On This Day, June 11

By | June 11, 2019
samuel ong mother of all tapes

Samuel Ong | Image Source: @edhistoryph, Whistle Blowers Blog

 

On this day, June 11, 2005, whistleblower and former National Bureau of Investigation (NBI)  Deputy Director Samuel Ong sought shelter at the San Carlos Seminary in Guadalupe, Makati.

The day before he revealed he had the “Mother of All Tapes” containing the alleged full wiretapped conversation of Election Commissioner Virgilio Garcellano and Philippine President Gloria Macapagal-Arroyo discussing alleged cheating in the 2004 Presidential Election.

His supporters and sympathizers gathered outside the seminary to safeguard him after he received threats to his life due to his revelations.

1987

On June 11, 1987, the Philippines established diplomatic relations with Albania.

Today, June 11, 1019, we celebrate 32 years of the establishment of formal diplomatic relations between the Philippines and Albania.

The Philippines has an Honorary Consulate in Tirana.

1978

On this day, Presidential Decree No. 1405 converted the Budget Commission into the Ministry of the Budget and gave it’s head the rank and status of a Minister and member of the Cabinet. Under the parliamentary form of government, the Minister of the Budget automatically chaired the Committee on Appropriations and Reorganization in the Batasang Pambansa.

1925

On June 11, 1925, Emilio Aguinaldo wrote a letter to Captain Emmanuel A. Baja his desire for the unique feature of the Philippine flag which was the flag with the red field on top, which denote a state of war.

1594

Today in History, on June 11, 1594, King Philip II of Spain issues a decree granting privileges, rights & suzerainty to the local pre-Hispanic elites in the Philippines. This decree institutionalized the local elite in the Spanish Philippines who would form the Principalía.

Philip II’s decree: “…we order the governors of those islands to show them good treatment & entrust them, in our name, with the government of the Indians, of whom they were formerly lords.”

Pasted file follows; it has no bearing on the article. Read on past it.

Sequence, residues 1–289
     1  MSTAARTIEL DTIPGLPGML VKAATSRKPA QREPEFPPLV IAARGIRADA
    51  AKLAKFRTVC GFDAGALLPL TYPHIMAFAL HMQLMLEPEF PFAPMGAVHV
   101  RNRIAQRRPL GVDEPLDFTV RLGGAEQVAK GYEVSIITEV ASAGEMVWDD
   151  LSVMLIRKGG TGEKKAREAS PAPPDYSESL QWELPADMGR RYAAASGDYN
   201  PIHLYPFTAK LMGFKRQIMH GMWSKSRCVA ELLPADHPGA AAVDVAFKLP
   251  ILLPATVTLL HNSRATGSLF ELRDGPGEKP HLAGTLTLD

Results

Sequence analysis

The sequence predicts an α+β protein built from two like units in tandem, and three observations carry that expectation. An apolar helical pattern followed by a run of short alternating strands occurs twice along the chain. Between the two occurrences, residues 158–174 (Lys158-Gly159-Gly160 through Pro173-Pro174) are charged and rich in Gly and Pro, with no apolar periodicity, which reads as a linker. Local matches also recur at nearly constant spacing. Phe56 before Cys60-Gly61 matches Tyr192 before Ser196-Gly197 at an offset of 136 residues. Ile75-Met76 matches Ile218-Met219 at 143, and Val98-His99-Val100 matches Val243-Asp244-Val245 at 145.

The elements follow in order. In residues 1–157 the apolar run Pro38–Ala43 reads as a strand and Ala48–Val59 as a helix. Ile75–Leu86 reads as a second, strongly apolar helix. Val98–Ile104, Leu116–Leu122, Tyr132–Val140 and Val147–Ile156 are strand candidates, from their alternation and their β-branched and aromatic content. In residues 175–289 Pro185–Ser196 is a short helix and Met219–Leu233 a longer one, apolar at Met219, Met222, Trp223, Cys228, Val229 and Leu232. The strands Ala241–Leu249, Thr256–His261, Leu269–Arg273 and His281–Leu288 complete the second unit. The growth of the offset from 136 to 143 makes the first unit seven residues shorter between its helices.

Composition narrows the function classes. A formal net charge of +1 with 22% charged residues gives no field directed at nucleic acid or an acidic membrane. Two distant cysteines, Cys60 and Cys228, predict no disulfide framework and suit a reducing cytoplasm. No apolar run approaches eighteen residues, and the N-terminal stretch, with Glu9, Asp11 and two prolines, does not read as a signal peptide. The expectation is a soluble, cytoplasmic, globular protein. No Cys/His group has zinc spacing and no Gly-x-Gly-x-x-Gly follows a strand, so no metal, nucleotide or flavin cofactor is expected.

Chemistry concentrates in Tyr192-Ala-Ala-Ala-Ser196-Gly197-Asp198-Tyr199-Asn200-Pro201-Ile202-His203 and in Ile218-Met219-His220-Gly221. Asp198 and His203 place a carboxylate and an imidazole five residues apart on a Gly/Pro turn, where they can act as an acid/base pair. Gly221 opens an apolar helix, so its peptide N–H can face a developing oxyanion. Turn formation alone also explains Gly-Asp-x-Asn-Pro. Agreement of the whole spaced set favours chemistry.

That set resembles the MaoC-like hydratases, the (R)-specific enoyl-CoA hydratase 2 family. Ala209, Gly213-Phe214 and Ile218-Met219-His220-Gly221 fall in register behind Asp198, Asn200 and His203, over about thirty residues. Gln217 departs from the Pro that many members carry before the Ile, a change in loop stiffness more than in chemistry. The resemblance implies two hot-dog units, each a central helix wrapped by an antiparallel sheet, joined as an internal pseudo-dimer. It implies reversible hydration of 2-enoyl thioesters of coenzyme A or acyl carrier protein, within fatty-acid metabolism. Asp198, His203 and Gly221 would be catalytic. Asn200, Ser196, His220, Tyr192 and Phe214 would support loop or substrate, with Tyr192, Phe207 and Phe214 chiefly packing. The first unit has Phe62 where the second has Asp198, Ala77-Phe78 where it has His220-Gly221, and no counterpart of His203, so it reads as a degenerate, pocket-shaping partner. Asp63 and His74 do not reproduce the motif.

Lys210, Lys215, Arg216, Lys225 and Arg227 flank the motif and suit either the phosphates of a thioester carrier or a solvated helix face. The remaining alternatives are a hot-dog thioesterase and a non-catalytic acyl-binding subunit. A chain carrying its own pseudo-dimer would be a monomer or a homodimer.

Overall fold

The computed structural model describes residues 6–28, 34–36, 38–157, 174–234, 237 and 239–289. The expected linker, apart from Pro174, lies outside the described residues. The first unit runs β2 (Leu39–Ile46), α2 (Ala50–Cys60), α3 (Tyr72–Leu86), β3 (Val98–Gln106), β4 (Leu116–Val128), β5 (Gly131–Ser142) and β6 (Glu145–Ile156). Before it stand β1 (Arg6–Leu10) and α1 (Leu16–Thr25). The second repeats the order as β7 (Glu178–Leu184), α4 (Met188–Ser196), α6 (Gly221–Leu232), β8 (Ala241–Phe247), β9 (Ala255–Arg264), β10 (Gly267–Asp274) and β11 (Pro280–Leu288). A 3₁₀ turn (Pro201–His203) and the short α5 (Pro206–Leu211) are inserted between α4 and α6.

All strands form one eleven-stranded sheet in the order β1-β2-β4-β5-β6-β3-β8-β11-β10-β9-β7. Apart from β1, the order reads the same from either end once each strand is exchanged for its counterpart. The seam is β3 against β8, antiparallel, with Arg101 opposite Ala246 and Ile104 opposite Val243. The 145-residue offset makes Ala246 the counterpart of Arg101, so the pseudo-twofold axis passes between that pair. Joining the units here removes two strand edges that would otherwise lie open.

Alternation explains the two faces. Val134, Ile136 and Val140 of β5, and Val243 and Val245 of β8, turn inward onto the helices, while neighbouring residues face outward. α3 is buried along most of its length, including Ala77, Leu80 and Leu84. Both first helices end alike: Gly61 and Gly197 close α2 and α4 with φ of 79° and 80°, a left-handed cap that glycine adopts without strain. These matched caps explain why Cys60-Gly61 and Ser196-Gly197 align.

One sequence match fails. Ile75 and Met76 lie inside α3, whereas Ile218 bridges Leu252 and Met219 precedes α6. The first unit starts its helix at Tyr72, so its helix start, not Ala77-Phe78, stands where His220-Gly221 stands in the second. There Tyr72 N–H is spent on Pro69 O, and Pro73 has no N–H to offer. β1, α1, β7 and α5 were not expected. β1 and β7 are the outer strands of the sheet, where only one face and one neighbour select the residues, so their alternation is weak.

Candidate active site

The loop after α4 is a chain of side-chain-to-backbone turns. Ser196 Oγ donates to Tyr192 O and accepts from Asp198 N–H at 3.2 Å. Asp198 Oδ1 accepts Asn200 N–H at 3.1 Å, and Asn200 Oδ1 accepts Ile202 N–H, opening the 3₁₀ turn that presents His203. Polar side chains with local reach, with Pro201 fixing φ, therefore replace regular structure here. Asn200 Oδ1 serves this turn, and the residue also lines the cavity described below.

The decree was made upon the advice of Domingo de Salazar, 1st Archbishop of Manila, who have observed that the Spanish encomenderos have most often abused the indigenous peoples in the colony.

The Council of the Indies (Real y Supremo Consejo de las Indias), the king’s advisory body on Spain’s overseas colonies, however, required that all indigenous peoples in the Philippines, whether converted to Catholicism, or not, should pay tribute. Salazar opposed this provision.

The colonial system gave the Principalía access to the limited power granted to the natives. They would often be the ones in line for gobernadorcillo/Capitan municipal and Cabezas de barangay, the only electable offices for “Indios” in Spanish Philippines.

During Spanish rule, Filipinos were not given the power to elect their leaders. Even under Maura Law, while the electorate for tribunal municipal (municipal council) was extended, only 12 electorates were handpicked by provincial gov, parish priest & outgoing Capitan municipal.

Many of the Filipino “Ilustrados” who afforded an education in Spain & Europe in the late 19th century were members of the Principalía. Some used their privilege to voice sentiments of Filipinos to Spain, calling initially for equal representation.

Today, many of the existing Philippine political dynasties, & even the ones in the regions, are rooted in the colonial system. Attempts have been made to break free from cycle, often the root cause of corruption. The 1987 Philippine Constitution, Art. II, Sec. 26, opens the door to dismantle it.

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